How to divide number into integer pieces that are each a multiple of n?

Had a hard time coming up with a concise title for this. I'm sure there are terms for what I want to accomplish and there is no doubt a common algorithm to accomplish what I'm after - I just don't know about them yet.

I need to break up a number into n pieces that are each a multiple of 50. The number is itself a multiple of 50. Here is an example: Divide 5,000 by 3 and end up with three numbers that are each multiples of 50:

• 1,650
• 1,700
• 1,650

I also would like to have the numbers distributed so that they flip back and forth, here is an example with more numbers to illustrate this: Divide 5,000 by 7 and end up with 7 numbers that are each multiples of 50:

• 700
• 750
• 700
• 750
• 700
• 700
• 700

Note that in the above example I'm not worried that the extra 50 is not centered in the series, that is I don't need to have something like this:

• 700
• 700
• 750 <--- note the '50s' are centered
• 700
• 750 <--- note the '50s' are centered
• 700
• 700

Hopefully I've asked this clearly enough that you understand what I want to accomplish.

Update: Here is the function I'll be using.

``````var number = 5000;
var n = 7;
var multiple = 50;

var values = getIntDividedIntoMultiple(number, n, multiple)

function getIntDividedIntoMultiple(dividend, divisor, multiple)
{
var values = [];
while (dividend> 0 && divisor > 0)
{
var a = Math.round(dividend/ divisor / multiple) * multiple;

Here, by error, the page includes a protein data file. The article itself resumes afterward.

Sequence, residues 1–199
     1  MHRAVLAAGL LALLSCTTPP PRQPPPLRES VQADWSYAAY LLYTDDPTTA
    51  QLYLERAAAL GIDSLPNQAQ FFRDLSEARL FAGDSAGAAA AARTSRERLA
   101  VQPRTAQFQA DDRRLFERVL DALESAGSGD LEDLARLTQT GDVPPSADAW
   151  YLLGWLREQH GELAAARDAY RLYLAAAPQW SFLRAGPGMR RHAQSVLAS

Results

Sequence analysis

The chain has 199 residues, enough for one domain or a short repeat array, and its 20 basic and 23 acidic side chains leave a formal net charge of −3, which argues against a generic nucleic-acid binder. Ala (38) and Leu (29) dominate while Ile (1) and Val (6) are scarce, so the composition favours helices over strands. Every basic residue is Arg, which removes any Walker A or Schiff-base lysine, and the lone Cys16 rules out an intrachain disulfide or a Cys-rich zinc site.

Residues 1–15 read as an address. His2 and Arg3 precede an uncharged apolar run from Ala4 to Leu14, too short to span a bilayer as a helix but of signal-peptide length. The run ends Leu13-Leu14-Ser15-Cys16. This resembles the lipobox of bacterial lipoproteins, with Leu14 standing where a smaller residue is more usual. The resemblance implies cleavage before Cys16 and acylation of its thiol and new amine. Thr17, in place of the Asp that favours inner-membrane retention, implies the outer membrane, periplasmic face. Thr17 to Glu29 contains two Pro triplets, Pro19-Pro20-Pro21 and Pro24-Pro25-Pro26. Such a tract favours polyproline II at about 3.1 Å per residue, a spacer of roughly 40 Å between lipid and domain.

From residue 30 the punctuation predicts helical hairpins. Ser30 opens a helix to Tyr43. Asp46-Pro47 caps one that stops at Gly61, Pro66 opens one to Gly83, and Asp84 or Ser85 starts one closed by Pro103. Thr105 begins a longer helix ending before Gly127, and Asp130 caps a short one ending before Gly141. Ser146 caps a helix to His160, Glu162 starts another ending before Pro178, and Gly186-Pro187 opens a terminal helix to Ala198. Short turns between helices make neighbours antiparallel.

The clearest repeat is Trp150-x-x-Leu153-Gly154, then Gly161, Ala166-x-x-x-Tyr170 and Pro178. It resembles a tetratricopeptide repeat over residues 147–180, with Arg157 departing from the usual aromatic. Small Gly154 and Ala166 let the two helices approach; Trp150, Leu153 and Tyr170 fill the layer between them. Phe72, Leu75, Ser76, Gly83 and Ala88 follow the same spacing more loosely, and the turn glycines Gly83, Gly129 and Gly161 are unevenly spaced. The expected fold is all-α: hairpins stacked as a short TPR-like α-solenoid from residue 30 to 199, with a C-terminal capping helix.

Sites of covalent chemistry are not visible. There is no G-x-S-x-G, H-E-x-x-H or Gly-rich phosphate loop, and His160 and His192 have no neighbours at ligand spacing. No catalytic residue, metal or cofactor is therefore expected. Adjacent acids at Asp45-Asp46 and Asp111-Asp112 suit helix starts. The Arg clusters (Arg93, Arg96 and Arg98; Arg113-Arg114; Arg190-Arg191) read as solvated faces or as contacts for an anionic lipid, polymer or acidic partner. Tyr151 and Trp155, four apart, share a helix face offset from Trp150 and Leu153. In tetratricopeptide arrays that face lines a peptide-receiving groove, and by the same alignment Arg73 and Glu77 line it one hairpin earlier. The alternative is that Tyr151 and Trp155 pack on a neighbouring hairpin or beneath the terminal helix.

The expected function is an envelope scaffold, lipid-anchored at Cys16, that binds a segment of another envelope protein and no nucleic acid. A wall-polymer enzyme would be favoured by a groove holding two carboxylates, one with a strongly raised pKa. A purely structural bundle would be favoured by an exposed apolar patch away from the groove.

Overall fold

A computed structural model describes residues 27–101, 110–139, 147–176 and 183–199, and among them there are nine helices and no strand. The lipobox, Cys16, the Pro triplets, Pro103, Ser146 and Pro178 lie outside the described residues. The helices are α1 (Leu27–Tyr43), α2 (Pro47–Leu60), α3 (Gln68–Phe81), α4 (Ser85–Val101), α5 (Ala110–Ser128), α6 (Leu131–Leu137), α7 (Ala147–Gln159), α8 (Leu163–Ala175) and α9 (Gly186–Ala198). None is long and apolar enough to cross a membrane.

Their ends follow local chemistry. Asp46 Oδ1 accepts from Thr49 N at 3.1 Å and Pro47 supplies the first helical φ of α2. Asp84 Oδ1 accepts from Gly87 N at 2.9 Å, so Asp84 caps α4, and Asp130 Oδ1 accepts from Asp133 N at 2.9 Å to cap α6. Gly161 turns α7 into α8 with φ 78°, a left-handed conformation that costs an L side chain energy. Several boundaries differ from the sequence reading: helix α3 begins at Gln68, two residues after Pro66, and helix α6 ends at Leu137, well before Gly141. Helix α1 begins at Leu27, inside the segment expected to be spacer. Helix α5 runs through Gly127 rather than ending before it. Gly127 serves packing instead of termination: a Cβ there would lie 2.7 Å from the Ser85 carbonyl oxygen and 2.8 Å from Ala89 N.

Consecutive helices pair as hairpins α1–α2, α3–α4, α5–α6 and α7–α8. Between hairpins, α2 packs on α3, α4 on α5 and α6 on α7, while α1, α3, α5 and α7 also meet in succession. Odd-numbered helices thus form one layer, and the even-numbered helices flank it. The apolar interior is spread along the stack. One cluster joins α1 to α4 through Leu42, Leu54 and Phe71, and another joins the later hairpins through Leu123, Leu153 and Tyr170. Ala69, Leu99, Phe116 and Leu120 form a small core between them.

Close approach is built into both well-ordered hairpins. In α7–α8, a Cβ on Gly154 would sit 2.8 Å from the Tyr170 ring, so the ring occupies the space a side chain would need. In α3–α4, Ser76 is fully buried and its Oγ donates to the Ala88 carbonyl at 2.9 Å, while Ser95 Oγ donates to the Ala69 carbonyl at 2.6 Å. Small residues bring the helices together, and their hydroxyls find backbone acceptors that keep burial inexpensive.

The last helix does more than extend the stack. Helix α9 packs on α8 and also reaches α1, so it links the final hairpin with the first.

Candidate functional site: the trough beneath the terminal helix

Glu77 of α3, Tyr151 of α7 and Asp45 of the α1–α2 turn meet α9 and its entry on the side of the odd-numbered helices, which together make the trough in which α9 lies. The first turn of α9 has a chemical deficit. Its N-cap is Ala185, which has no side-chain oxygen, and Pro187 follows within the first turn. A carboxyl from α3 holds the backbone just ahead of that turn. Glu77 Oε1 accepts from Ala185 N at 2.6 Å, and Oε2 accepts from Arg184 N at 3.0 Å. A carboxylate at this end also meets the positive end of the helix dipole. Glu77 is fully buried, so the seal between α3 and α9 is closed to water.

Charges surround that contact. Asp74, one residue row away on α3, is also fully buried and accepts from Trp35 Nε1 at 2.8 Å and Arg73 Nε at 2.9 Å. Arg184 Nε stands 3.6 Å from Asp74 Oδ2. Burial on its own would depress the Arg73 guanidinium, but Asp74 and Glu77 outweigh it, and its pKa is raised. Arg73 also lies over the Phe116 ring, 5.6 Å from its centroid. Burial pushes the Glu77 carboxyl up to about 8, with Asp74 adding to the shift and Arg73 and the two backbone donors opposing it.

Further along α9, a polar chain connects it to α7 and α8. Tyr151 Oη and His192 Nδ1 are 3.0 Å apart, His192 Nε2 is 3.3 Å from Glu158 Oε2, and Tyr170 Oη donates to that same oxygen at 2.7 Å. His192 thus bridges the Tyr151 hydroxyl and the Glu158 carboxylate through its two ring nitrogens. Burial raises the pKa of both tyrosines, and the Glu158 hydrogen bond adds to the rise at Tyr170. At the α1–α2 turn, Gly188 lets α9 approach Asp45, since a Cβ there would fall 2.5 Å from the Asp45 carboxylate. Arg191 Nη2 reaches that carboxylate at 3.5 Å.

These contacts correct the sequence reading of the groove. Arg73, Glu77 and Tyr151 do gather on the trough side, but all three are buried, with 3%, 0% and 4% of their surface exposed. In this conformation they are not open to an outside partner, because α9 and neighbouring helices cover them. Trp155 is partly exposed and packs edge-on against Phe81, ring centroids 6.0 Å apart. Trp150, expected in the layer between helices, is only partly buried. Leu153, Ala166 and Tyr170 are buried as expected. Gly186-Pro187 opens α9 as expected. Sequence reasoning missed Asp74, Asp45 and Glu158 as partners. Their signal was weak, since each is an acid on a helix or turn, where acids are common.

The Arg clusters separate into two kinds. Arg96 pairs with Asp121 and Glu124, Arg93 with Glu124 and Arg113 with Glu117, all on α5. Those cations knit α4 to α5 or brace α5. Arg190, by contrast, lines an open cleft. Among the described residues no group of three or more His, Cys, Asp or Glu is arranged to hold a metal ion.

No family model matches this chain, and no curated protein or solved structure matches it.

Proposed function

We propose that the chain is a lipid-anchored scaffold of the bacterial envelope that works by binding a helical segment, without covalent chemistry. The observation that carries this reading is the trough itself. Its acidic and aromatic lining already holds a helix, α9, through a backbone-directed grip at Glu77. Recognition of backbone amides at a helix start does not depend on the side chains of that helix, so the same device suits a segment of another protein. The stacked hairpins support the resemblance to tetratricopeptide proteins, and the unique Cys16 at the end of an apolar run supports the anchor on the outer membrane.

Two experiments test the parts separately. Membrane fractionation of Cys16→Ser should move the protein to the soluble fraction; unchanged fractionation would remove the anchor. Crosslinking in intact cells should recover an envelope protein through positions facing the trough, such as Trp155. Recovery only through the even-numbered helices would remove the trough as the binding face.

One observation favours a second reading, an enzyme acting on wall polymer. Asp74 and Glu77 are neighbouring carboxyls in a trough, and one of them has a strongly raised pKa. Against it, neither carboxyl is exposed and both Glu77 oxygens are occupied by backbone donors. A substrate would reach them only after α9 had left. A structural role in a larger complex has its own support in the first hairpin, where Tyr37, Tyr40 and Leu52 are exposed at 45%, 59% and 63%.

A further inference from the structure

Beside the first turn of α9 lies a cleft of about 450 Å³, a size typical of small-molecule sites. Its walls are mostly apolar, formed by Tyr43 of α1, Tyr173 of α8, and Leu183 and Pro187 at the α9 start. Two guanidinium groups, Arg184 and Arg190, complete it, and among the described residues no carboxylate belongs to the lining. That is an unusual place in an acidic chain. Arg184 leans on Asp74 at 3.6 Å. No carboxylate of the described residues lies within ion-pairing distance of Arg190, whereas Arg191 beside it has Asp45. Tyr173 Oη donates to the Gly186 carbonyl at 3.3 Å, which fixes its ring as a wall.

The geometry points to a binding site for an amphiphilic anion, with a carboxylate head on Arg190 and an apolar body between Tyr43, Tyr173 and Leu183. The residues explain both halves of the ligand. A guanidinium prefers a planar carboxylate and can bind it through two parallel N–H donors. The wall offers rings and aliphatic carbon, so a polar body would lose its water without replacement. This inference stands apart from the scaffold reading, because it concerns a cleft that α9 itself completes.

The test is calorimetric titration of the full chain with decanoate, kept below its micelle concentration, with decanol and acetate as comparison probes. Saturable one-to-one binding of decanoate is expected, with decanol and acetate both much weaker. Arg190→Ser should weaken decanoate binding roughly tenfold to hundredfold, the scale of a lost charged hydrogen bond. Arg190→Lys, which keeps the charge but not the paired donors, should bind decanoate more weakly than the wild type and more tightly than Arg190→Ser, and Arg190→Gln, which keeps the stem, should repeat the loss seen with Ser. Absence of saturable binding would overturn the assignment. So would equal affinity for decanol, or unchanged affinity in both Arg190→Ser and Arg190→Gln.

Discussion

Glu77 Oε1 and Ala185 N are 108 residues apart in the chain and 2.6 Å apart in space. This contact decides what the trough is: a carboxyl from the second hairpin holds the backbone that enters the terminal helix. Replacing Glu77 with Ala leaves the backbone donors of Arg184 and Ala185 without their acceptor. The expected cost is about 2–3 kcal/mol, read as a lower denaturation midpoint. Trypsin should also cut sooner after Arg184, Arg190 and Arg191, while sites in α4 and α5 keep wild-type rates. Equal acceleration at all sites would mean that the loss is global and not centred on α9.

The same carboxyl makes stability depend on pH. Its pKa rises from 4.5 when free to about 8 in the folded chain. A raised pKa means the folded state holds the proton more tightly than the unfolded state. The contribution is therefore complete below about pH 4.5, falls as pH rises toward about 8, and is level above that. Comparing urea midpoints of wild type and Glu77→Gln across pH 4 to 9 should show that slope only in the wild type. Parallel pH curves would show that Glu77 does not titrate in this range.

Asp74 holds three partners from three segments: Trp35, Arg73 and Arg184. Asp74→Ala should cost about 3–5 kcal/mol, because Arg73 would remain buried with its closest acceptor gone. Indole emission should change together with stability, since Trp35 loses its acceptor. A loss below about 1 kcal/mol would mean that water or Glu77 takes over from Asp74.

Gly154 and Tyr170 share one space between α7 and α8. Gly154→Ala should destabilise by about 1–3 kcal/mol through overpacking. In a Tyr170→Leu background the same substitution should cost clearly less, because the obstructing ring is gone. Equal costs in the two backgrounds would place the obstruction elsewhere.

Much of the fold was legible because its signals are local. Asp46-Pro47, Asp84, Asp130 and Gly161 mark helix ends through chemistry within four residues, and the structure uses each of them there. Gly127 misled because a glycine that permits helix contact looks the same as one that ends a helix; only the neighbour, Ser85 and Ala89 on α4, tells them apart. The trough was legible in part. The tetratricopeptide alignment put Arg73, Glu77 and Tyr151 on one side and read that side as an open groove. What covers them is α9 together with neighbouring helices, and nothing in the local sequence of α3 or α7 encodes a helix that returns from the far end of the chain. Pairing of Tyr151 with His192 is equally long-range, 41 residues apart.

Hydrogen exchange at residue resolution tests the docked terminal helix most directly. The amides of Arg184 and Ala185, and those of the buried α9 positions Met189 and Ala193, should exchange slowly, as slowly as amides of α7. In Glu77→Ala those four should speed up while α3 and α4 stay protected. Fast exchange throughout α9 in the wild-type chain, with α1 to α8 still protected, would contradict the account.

dividend -= a;
divisor--;
values.push(a);
}

return values;
}
``````
-
What have you tried? –  Marcin Mar 19 '12 at 19:29
From your examples, it seems that you want to have each of the smaller numbers as equal as possible. Is that correct? A trivial solution, for example, would be to take 50 for each of the first n-1 numbers and the remainder for the rest, but I assume that's not what you are looking for... –  Wesley Petrowski Mar 19 '12 at 19:40

``````var number = 5000;
var n = 7;

var values = [];
while (number > 0 && n > 0) {
var a = Math.floor(number / n / 50) * 50;
number -= a;
n--;
values.push(a);
}  // 700 700 700 700 700 750 750
``````

Edit

You can alternate `Math.floor` and `Math.ceil` to obtain the desired result:

``````while (number > 0 && n > 0) {
if (a%2 == 0)
a = Math.floor(number / n / 50) * 50;
else
a = Math.ceil(number / n / 50) * 50;
number -= a;
n--;
values.push(a);
}  // 700 750 700 750 700 700 700
``````
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Nice examples, how would you extend it to toggle the round up and round down so that you have 700, 750, 700, 750, etc. ? –  Steve K Mar 19 '12 at 19:57
Yes, that works well. I was just stepping through the code in the debugger and watching how it worked and I get it. –  Steve K Mar 19 '12 at 20:12
Nice and clean, provided a JS example which wasn't needed but is appreciated. –  Steve K Mar 19 '12 at 20:13
I wasn't saying it as a negative, was just commenting that the extra effort for a JS example was appreciated considering you first supplied a c example. –  Steve K Mar 19 '12 at 20:19

Let a be your starting number, k - number of parts you want to divide to.
Suppose, that b = a/n.
Now you want to divide b into k close integer parts.

• Take k numbers, each equal to b/k (integer division).
• Add 1 to first b%k numbers.
• Multiply each number by n.

Example: a = 5000, n = 50, k = 7.
b = 100
Starting series {14, 14, 14, 14, 14, 14, 14}
Add 1 to first 2 integers {15, 15, 14, 14, 14, 14, 14}.
Multiply by 50 {750, 750, 700, 700, 700, 700, 700}.

-